Hype filled the void until he got to Australia. As Williams said, Ball played 12 NBL games in fall 2019 and then bruised a bone in his left foot, prompting him to return to the U.S. to prep for the draft. That was still enough for him to win Rookie of the Year honors and prove, to at least one close observer, that his stopover was substantive.

"I live basketball. I know what it takes to stay and play at the next level, and the tools that you need. As an old-school guy, what we used to say growing up is, 'If a kid is good, let's see what he does - f--- his age group - let's see what he does against men,'" Williams said.

"The kid averaged 17, seven, and seven in one of the best leagues outside of the NBA."

Mark Metcalfe / Getty Images

Williams and Matt Flinn, Ball's coach in Illawarra last season, both cop to wondering at first if Ball could hold his own against mature opposition determined to shackle him. "This is not a chump league," Flinn said in a recent phone interview. He invoked a noted pest to make his point: "Everyone looks at (Matthew) Dellavedova in the NBA: 'Oh, he's a hardass. (Australian rules football) background, he'll dive at your legs, dive on loose balls.' Every team out here's got three or four of them."

Williams recalls welcoming Ball to the NBL orbit on Aug. 22, 2019, the player's 18th birthday, when he and R.J. Hampton joined Williams on a preseason TV panel. Challenged to name the league's three best point guards, Ball and Hampton could only think of one, leading their questioner to smack the studio table. "I blasted them," Williams said, annoyed that the American rookies hadn't done their homework.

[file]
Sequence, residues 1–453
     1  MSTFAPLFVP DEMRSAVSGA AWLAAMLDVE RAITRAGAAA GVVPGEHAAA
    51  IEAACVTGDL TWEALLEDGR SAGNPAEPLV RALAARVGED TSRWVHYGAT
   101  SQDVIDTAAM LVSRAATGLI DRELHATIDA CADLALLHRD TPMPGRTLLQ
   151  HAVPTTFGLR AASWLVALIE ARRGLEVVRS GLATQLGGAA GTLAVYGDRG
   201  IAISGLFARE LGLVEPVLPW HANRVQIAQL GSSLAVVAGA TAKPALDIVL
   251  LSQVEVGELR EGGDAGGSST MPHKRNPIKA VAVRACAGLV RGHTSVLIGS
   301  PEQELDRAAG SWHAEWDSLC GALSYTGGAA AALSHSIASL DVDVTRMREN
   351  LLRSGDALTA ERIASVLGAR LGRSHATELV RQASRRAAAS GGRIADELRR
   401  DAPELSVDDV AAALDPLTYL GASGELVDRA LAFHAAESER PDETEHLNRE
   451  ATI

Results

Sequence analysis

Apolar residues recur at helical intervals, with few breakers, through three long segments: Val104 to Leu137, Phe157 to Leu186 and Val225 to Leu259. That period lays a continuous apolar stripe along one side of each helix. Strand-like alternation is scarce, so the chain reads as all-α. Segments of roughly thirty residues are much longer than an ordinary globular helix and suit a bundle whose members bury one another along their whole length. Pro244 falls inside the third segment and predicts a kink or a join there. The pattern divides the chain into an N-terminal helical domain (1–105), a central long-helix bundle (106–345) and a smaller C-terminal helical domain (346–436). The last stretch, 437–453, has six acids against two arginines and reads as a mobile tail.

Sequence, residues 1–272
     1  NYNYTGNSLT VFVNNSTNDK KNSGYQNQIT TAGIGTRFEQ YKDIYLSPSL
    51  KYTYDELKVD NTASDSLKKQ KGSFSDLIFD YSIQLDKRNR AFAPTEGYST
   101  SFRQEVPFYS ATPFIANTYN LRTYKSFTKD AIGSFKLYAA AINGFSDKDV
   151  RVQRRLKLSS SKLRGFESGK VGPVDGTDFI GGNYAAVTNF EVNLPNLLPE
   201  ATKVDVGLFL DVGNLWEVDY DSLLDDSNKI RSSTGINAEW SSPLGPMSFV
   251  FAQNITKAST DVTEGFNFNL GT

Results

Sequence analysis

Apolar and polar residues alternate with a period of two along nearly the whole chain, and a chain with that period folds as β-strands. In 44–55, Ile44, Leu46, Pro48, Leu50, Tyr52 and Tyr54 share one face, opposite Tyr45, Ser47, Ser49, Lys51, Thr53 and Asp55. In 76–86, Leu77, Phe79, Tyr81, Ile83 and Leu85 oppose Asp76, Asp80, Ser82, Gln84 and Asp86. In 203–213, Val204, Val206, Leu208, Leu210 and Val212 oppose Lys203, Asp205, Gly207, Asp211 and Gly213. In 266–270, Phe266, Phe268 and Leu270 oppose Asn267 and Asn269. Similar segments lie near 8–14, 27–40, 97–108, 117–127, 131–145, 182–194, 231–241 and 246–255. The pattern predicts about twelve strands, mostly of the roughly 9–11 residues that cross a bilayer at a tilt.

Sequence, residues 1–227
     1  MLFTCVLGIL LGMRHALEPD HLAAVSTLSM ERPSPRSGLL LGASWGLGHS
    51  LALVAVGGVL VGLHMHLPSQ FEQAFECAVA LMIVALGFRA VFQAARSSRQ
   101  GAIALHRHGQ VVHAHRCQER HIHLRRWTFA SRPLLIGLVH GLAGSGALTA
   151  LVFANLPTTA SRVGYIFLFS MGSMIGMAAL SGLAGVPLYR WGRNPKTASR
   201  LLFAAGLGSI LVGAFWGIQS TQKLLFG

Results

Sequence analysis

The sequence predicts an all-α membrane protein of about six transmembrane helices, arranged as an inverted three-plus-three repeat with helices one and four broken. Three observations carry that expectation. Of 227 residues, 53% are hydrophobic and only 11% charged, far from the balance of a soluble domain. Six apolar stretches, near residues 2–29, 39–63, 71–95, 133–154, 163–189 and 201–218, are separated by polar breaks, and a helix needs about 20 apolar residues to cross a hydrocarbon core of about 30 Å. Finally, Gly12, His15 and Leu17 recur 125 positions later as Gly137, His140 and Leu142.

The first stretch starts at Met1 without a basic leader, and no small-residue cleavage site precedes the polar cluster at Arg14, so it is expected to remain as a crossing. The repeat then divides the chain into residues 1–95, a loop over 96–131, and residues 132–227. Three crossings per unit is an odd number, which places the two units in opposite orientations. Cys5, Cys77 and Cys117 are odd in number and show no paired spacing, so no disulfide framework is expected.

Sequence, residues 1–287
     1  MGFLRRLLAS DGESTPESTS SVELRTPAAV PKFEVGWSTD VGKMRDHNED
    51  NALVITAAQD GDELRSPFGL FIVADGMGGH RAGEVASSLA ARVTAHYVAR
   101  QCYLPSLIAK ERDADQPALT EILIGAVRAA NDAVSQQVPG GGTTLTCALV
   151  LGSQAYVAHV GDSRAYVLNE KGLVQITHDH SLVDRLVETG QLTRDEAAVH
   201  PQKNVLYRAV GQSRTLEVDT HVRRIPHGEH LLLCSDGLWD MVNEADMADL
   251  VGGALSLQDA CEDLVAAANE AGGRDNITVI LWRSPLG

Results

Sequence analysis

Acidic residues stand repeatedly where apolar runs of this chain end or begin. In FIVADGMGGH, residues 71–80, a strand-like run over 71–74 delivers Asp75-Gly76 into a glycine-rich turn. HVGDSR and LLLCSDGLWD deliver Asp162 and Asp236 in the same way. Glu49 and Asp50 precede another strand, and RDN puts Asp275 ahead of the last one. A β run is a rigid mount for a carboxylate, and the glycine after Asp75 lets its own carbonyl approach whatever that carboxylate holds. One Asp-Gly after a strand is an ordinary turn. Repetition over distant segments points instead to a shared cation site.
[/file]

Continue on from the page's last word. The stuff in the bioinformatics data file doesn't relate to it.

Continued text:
Ball barely blinked, not then nor in his Illawarra debut a month later. In exhibition play against the Perth Wildcats, the eventual league champion, Ball started, rained in four threes, and scored 19 points to go along with 13 rebounds and seven assists - primarily against Damian Martin, the NBL's six-time best defensive player for whom that award is now named.

"Damian Martin is like a Patrick Beverley-type defender. He's picking you up full court," Williams said. "When I tell you 'Melo Ball was unbothered and unfazed, I couldn't believe what I saw."

On offense, Ball is a crafty dribbler and sublime passer, as the above behind-the-back sequence from later in the season attests. Without the swiftest first step, he beats and baffles defenders with deception tactics: fakes, hesitation dribbles, look-offs that create openings for teammates only he can see. He slings attentive, ambitious lead passes in transition with either hand and sometimes covering the full court. The NBL is stingy with crediting assists on buckets where the scorer dribbles, but Ball still distributed 6.8 assists per game, second in the league to Machado.

Of all people, Flinn said, Ball's playmaking instincts remind him of Wayne Gretzky, the NHL legend with a singular knack for thinking a couple of moves ahead.

"When (Gretzky) was a kid, he just played. He didn't come through a structured environment with ice hockey. He saw things before they happened and could remember every play. Once he got into the games, everything sort of slowed down for him," Flinn said. "I sort of see that with LaMelo a little bit."

Anthony Au-Yeung / Getty Images